Chair Force Engineer

Saturday, November 18, 2006


I am not an engineer.

Well, at least I don't feel like one. And for the past two years, I've known that I really didn't want to be an engineer.

I guess it started during my senior year in college, when I just felt burned out. I talked to my ROTC instructor at the time about this inconvenient little development. His response was that the Air Force has invested large sums of money on my education as an engineer, that Air Force Personnel Center would make sure that I became an engineer, and that I would be in deep doggy doo if I requested any career field besides engineering. I was a good and obedient tool, and I did as I was told.

My fears were recently confirmed about what the engineering career field entails. I'll have to endure all-day meetings where self-serving windbags prattle for hours with technical details that are far above my level of education and experience. While the afforementioned ROTC instructor was probably correct about AFPC, I should have at least taken a chance and applied for an interesting career field.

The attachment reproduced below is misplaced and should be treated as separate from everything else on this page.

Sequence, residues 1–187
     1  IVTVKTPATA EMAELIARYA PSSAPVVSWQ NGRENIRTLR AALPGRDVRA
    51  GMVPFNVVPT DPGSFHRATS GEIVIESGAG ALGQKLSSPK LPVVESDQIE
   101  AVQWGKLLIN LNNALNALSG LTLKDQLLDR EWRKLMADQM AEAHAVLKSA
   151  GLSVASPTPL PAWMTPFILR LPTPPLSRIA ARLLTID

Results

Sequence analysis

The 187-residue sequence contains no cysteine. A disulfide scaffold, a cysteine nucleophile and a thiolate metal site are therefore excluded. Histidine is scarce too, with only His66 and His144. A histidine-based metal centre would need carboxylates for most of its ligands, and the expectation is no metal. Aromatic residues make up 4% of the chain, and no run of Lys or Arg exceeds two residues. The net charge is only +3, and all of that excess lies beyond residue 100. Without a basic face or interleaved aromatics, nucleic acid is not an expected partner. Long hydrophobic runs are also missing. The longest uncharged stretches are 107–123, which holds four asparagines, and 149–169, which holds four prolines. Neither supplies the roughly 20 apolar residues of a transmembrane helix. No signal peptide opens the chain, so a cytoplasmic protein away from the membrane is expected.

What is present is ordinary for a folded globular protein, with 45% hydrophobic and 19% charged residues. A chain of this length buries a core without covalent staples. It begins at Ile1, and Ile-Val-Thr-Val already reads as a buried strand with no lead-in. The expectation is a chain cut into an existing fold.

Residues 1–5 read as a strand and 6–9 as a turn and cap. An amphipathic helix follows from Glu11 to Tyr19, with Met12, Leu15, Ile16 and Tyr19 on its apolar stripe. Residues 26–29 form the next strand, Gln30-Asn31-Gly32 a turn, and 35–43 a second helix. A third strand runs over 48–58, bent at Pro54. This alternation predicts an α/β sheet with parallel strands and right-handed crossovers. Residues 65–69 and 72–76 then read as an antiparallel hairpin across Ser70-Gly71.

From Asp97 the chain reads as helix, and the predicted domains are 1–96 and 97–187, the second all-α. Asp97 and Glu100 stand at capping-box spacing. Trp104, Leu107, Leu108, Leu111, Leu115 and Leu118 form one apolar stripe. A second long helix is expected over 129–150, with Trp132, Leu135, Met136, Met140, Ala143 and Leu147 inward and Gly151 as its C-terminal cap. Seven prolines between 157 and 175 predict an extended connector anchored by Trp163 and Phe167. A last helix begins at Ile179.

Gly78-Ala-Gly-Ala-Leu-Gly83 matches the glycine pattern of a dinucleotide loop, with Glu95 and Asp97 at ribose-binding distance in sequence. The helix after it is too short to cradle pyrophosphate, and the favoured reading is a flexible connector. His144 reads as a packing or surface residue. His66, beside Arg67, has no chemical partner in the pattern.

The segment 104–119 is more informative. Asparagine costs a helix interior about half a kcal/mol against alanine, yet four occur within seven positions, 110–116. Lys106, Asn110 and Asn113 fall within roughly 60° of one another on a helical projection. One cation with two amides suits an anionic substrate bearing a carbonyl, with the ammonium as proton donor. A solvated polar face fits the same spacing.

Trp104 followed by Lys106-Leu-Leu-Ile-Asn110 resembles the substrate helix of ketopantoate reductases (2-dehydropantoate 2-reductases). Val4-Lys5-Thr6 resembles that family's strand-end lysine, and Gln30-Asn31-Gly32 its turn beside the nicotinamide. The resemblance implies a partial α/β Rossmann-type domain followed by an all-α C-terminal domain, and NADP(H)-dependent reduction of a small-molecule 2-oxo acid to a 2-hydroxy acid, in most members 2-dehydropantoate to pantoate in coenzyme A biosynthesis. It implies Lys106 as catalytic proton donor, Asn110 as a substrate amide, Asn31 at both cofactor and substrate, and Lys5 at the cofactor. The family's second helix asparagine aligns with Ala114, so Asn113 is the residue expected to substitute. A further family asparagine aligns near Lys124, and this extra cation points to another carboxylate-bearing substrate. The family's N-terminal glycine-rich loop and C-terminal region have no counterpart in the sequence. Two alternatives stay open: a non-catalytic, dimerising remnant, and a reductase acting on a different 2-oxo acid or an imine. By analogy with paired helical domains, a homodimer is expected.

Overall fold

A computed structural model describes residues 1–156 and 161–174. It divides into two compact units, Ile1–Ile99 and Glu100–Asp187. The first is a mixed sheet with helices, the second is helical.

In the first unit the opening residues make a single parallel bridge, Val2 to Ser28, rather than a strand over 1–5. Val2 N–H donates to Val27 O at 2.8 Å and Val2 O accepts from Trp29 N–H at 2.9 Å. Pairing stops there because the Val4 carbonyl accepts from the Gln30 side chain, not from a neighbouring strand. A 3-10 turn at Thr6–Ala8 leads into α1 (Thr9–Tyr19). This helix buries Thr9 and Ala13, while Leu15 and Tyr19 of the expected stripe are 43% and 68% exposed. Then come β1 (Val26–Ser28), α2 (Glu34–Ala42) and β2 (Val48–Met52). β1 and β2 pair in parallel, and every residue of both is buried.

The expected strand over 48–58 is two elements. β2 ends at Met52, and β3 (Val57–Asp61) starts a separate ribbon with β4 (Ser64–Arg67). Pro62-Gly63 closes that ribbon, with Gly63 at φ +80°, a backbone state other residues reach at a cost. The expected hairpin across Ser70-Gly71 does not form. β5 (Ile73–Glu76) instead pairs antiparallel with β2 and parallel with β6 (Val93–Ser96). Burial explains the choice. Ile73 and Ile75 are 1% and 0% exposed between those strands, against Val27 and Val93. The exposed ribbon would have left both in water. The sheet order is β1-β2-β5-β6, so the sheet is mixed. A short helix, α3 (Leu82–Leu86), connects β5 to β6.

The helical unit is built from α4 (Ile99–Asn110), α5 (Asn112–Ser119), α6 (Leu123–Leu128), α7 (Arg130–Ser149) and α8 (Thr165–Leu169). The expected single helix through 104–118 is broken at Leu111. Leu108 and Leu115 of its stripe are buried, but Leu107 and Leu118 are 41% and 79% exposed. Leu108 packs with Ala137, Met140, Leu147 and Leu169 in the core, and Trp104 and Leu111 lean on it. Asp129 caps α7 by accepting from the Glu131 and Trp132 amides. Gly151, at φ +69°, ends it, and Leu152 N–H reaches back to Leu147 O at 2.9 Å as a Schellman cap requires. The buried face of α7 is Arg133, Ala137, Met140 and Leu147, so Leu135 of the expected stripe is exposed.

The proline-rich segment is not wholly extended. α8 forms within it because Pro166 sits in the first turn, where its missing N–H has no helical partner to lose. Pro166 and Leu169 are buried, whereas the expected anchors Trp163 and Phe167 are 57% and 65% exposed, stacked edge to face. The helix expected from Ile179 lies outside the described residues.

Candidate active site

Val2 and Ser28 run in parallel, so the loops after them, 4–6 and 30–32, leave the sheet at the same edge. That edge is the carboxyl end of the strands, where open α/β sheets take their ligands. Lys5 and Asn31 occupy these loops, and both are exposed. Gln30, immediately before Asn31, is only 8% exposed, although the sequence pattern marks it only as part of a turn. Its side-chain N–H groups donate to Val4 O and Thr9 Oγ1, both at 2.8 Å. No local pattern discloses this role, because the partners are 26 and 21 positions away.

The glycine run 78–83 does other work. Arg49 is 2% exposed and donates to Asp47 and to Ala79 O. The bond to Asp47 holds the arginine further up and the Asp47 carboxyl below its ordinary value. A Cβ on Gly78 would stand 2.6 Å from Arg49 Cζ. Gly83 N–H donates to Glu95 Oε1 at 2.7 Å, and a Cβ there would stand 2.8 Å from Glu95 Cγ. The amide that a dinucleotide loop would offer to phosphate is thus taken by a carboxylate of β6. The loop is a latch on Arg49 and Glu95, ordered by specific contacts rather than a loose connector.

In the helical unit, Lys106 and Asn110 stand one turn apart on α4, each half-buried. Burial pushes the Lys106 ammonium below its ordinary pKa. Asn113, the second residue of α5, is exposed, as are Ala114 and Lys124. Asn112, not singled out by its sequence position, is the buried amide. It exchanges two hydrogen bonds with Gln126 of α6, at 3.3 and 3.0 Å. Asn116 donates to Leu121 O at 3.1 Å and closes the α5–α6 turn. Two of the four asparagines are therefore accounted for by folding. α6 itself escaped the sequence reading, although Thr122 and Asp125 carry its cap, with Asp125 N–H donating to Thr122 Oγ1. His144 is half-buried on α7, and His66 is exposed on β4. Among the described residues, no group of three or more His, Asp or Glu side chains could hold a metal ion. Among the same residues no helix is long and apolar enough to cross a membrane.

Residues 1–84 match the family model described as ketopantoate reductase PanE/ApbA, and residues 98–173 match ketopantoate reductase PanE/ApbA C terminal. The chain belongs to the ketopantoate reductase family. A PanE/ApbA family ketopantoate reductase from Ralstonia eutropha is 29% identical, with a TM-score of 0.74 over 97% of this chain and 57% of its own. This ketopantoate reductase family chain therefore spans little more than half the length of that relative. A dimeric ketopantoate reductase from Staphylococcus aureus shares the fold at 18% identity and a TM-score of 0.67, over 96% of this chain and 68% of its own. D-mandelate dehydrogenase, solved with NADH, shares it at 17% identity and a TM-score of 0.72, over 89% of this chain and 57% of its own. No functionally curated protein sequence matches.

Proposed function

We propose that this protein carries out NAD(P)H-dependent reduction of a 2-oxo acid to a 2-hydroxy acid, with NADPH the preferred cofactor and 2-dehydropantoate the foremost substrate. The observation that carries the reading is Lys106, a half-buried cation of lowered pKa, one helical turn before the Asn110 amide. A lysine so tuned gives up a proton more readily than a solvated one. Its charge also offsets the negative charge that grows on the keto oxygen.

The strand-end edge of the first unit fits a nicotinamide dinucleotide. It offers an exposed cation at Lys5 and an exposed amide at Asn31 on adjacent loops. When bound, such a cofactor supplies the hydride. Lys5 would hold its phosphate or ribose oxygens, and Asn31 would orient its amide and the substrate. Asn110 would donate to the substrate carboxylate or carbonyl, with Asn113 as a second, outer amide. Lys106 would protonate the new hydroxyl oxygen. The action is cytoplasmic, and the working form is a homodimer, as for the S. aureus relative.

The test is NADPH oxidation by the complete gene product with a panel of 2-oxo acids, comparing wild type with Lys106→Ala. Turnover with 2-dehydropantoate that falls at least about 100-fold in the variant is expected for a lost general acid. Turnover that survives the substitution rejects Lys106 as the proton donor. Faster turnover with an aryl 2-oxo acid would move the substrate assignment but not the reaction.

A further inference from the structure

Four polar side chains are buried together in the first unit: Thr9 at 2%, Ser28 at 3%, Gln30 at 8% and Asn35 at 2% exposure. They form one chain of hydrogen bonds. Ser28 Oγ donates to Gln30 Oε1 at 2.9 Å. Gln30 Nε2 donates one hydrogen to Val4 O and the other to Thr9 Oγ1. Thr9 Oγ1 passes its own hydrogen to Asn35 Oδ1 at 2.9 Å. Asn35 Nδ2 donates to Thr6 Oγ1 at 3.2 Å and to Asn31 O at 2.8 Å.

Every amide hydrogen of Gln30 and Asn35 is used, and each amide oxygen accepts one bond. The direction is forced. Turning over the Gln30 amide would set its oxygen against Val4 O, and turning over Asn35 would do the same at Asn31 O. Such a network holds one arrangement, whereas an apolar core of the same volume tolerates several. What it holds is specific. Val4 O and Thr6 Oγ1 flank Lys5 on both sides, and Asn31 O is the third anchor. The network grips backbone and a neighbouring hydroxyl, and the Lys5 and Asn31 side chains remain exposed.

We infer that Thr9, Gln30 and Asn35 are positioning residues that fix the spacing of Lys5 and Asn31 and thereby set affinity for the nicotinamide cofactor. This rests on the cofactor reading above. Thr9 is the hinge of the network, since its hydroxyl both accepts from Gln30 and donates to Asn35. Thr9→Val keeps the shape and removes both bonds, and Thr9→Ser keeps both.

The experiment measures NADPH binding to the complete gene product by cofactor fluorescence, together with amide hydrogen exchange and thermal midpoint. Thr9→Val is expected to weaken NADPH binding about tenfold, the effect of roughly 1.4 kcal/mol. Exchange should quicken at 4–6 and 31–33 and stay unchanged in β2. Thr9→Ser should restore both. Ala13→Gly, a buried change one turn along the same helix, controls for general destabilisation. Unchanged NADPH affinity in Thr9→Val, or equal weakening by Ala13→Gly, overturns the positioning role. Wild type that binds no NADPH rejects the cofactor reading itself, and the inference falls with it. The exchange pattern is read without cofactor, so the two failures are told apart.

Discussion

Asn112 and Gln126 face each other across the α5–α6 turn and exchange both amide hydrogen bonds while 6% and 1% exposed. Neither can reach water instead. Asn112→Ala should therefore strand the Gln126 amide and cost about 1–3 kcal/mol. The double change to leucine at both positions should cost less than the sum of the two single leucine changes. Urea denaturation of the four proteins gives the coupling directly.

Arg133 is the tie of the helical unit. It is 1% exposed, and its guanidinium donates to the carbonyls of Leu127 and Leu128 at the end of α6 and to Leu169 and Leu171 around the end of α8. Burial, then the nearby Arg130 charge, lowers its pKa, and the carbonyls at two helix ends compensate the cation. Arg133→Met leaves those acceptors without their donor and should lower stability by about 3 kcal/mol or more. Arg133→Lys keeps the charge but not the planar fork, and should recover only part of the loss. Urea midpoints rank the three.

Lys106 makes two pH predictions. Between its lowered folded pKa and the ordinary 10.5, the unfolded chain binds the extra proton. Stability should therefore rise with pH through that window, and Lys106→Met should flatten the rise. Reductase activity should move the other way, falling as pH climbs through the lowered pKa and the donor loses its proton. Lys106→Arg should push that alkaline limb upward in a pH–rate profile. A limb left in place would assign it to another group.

I'm filled with regret in knowing that the last 5.5 years of my life have been squandered towards a meaningless end. It's no comfort in knowing that the next 2.5 years will be frettered towards a similar, nihilistic purpose. The only mercy will be the broadsword that we euphemistically call "force shaping," which will cut 40,000 Air Force personnel over the next few years. If it happens to me, it will be a one-year respite from my commitment.

The future's up in the air, but it's not very optimistic. I feel like the years when I should have found my way in life have been lost, and there's no easy way to make up for them. Right now, my plan is to teach High School once I get out of the Air Force. At least that way I can contribute to America in a far more effective way than I am right now.